For more information on the principles of interposition and nullification, I have written a short booklet entitled, The United States of America 2.0: The Great Reset. The booklet may be read on-line for free. Again, this is not a new idea for me, but I wrote the bulk of the material that makes up the book over 20 years ago.

We have also frequently used the example of the Dred Scott v. Sandford Supreme Court decision, which stated in 1958 that a black slave was property and did not have the same right to liberty as an American citizen. Ironically, Dred Scott was never overturned by the Supreme Court. It took a United States’ constitutional amendment to reverse the Dred Scott decision. However, Christians should never say that a court decision or a constitutional amendment was the basis for the right to the liberty of all the people born in America. The right to life and liberty is a God-given right. And on that basis, states have the right to nullify Roe.

We will never stop until our courts or legislatures have reversed or nullified this misguided ruling. We do not fear a negative ruling from the U.S. Supreme Court. Historically, a bad ruling has in fact served as the very catalyst for change in public policy. Dred Scott v. Sandford, 1858, ruled that a black person could not be a citizen under our law…. This adverse ruling did much to fuel to the abolitionist movement; our country engaged in civil war before the law recognized the full Personhood of Blacks. In point of fact, the ruling per se was never reversed. By the same token, we shouldn’t wait on an overturning of Roe v. Wade before engaging in public dialogue. The need for Personhood policy is now, regardless of Roe’s final disposition! Ours is a 21st century human rights movement and must not be summarized by a single legal objective! (Dan Becker, Personhood, 76,77, emphasis mine).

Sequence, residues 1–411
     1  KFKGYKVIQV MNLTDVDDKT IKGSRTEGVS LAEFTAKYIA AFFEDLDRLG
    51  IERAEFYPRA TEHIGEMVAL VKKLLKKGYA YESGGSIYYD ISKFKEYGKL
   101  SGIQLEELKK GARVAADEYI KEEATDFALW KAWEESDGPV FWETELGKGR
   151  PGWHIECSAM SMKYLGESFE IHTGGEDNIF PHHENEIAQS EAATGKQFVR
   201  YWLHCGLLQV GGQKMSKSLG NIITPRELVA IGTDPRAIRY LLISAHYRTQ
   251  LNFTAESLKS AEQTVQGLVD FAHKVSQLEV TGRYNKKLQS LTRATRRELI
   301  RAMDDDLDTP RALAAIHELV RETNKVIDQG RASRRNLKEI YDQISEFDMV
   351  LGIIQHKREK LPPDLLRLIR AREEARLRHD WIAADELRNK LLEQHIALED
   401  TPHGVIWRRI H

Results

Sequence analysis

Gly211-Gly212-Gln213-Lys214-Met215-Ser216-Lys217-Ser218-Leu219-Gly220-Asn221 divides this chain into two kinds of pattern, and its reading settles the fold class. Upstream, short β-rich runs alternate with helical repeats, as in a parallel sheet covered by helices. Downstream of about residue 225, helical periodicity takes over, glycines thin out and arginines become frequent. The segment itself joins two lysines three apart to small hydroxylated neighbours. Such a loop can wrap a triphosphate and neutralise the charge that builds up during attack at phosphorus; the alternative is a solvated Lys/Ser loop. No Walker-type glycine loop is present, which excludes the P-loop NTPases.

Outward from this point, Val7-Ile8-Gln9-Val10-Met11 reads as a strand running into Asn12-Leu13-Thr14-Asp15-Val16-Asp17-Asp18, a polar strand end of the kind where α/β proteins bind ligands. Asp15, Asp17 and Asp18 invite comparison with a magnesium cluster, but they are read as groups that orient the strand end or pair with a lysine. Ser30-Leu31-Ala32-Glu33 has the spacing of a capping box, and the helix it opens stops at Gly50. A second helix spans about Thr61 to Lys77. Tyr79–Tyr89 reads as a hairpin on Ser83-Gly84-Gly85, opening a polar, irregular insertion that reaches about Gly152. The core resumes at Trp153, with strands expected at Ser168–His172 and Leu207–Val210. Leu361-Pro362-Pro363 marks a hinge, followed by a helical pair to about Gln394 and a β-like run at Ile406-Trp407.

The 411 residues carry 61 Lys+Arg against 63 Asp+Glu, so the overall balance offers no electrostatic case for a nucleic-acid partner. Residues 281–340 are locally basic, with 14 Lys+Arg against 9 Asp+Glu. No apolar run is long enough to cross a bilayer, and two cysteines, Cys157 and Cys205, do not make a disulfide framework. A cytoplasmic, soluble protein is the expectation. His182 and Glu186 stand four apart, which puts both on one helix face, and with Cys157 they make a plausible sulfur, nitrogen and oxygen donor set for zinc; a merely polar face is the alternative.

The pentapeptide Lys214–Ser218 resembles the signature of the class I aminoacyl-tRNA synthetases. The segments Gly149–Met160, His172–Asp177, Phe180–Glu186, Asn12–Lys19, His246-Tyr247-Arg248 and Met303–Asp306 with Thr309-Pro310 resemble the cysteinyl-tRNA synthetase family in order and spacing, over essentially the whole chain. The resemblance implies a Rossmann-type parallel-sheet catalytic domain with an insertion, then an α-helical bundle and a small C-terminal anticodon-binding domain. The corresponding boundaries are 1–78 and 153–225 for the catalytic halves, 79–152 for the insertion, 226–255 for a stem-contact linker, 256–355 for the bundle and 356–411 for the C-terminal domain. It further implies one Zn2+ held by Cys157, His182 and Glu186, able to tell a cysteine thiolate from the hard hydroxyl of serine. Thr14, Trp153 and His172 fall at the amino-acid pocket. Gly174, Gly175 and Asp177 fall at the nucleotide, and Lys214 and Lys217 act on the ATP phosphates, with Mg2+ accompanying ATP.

Personhood has always used the abolition of slavery argument and the corresponding denial of the citizenship (i.e., legal Personhood) of black slaves in the Dred Scott decision as analogous to the Personhood debate. We do not believe that the Supreme Court has the power to decide what is a moral right. Moral rights are based on laws given by God alone as Creation ordinances.